I can remember sitting down for a dinner of sausage and mash one evening, but feeling a bit dizzy, as I looked at the sausages on my plate, they looked just as if they were going round and round, hence that’s where I left them. I have laid on the bed at one time when the room was spinning round and round, the pictures on the wall, moving up and down, shutting my eyes, so I could block it out but still feeling as though I was spinning. Every so often opening my eyes to see if the world had returned to normal and having to shut them again, till a couple of hours later.

I am a fighter and one of my problems is probably that I never give in; I always try to show the Meniere’s whose boss! and more often than not, there is a funny side to events.

Whilst on holiday with my Daughter, many years ago - it was role reversal, she was looking after me! While waiting for the receptionist to order us a taxi, the reception desk was very high, I had a drop attack, imagine her face when she turned round and thought we had gone, she could not see us as my daughter was kneeling beside me, on the floor. Within minutes the cab driver came in, and I thought to myself, his probably thinking that woman’s drunk already, but I can assure you, it was not a case of take more water with it, I had only been drinking water! Just one of a few tales that can be told.

Luckily I always have help at hand, my wonderful husband, daughter, son-in-law and friends.

If you (or someone you know) suffers from Meniere's here are some contacts which may be useful.
British Tinnitus Association -   Helpline 0800 018 0527              
Meniere’s Society -   Helpline 0845 120 2975  



  2. The truth about Meniere's disease

  3. My late father had this disease. It is a horrible thing. What a brave, informative  and interesting post. You are very courageous.

  4. I have never heard about this disease, and it sounds quite dreadful. Thanks to your mum for writing such an informative post. She sounds like a strong woman.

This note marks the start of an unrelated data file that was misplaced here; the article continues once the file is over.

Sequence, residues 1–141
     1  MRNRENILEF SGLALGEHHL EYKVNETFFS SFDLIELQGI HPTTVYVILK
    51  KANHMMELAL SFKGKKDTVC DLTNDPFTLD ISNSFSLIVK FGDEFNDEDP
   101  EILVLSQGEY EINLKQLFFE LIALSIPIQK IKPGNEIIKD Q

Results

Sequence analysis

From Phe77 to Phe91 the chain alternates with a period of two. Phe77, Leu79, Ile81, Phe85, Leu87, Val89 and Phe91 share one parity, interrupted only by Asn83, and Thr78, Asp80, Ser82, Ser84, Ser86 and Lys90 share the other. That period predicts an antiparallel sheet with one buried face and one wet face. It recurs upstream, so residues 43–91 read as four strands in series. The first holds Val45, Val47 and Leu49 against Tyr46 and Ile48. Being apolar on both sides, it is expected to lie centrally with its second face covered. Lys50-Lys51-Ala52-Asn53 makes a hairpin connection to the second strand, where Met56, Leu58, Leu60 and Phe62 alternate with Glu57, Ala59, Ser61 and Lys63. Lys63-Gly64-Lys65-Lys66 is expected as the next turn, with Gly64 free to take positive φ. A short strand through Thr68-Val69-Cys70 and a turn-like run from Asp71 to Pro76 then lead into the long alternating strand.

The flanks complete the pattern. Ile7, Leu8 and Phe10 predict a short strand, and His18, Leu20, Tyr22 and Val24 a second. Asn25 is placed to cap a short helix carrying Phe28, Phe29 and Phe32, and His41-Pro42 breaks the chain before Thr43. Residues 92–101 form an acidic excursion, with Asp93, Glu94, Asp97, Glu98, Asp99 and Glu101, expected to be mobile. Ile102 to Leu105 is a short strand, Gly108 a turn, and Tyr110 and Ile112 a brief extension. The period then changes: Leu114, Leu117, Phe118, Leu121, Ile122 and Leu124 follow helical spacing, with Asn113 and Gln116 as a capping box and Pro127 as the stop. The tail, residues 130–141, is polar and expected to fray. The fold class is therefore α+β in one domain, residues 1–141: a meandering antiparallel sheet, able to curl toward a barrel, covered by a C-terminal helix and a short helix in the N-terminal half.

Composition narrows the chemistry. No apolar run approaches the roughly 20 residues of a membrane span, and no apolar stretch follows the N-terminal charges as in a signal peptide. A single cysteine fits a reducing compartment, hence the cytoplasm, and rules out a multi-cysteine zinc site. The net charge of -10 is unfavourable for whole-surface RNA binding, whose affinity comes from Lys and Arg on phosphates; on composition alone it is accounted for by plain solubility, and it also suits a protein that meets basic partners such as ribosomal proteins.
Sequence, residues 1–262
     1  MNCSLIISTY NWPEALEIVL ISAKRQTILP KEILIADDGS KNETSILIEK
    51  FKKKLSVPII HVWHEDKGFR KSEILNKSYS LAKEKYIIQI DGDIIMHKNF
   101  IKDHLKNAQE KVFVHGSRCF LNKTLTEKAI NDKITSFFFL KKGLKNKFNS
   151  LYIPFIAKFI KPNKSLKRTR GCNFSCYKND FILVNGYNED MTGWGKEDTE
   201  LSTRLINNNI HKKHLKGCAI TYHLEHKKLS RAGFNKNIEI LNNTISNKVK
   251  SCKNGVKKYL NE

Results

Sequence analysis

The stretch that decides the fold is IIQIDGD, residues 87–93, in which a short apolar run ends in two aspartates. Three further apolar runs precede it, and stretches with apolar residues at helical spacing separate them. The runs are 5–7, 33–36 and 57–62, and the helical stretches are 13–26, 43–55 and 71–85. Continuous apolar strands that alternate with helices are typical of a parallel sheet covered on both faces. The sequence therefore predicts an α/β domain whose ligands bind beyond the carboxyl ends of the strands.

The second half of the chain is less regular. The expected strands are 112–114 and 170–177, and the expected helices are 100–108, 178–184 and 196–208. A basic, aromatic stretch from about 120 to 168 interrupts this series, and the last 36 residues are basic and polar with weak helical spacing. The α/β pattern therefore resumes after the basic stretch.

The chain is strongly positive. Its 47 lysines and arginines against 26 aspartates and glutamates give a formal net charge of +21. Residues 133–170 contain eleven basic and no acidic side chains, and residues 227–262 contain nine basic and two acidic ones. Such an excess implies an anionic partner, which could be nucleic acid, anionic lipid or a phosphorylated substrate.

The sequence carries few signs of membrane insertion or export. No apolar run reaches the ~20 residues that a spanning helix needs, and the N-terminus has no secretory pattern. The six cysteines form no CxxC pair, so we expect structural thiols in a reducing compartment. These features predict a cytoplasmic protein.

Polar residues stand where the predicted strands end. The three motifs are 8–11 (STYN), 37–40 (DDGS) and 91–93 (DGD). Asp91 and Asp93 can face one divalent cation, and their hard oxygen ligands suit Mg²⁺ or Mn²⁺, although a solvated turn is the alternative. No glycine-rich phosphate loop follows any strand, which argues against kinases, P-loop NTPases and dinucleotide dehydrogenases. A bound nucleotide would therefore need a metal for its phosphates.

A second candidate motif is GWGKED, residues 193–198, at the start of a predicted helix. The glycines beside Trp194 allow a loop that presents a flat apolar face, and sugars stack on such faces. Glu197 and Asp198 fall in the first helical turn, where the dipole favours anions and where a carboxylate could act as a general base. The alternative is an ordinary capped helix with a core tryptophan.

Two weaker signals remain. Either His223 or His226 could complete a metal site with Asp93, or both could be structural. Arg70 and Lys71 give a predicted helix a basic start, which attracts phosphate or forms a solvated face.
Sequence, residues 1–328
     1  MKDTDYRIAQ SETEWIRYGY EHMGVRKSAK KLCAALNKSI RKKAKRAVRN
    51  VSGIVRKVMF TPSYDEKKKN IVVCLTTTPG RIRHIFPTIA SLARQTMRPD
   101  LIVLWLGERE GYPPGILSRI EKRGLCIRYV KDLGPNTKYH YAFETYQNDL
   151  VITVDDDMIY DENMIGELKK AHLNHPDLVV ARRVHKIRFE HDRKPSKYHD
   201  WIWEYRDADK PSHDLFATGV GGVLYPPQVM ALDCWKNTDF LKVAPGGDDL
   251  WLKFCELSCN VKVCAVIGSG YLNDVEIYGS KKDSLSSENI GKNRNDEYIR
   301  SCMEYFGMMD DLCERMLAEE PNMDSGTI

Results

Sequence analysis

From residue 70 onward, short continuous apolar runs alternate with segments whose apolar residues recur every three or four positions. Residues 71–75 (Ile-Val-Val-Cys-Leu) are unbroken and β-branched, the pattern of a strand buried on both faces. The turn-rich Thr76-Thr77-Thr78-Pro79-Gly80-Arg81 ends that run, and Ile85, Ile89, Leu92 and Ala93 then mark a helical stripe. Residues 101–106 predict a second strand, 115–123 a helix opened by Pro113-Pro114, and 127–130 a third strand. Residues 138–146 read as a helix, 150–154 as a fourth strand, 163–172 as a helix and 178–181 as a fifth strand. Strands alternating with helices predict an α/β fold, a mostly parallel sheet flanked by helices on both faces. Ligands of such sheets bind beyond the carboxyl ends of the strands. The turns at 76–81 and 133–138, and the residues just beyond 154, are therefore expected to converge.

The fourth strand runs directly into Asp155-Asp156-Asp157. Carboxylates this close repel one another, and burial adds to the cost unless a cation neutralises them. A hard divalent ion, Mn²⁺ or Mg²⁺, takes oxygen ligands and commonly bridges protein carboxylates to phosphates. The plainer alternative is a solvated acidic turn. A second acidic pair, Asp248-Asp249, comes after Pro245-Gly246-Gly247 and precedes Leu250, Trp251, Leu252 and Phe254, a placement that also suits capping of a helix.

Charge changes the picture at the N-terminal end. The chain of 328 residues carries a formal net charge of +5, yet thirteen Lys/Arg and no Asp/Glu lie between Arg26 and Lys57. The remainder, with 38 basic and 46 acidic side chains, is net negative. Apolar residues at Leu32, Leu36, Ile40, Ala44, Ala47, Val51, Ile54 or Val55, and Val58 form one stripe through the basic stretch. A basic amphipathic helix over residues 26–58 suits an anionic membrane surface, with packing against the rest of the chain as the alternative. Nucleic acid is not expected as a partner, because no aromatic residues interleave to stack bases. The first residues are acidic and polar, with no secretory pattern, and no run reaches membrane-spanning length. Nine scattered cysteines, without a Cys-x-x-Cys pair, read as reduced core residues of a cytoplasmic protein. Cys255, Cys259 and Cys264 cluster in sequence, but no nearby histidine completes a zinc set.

5. my husband is having tests for this. thanks for this post because I had no idea what it is. x

  6. Thought this was a lovely informative post, think your Mum is clearly a very strong lady living with such an awful desease. I had never heard of Menieres before reading this.  Well done to your Mum on a great post x

  7. Please tell your mum a big thank you for writing this post. I'd never heard of this condition until today.

  8. I'd heard the name but never knew what it was. I had some dizzy spells last year on waking up and had to grab hold of the bed to stop myself from falling off as the bed turned over. Obviously it was all in my head but that's what it felt like - very frightening. I wish your mum as easy a time as possible xxx.

  9. Thanks for that, I had no idea what this disease was all about. Wishing you lots of strength.

  10. A friend of mine developed this when she was only 23 years old, and after a nasty divorce (can it be stress-related). One day she just collapsed on a zebra crossing, and she became frightened to leave the house. It changed her life. She was outgoing, lively and a bit crazy. She became introverted and nervous. It is always good to see someone 'coping' and doing what they can to overcome a disease like this. Thanks

  11. Ah, hope all goes well for him.

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  13. Cheetahs In My Shoes9 October 2012 at 20:31

    thanks to your mum for writing such an honest and informative post.  I had ear/balance for a while (in the end down to something else) and it is so disorientating - I hope she continues showing it who's boss!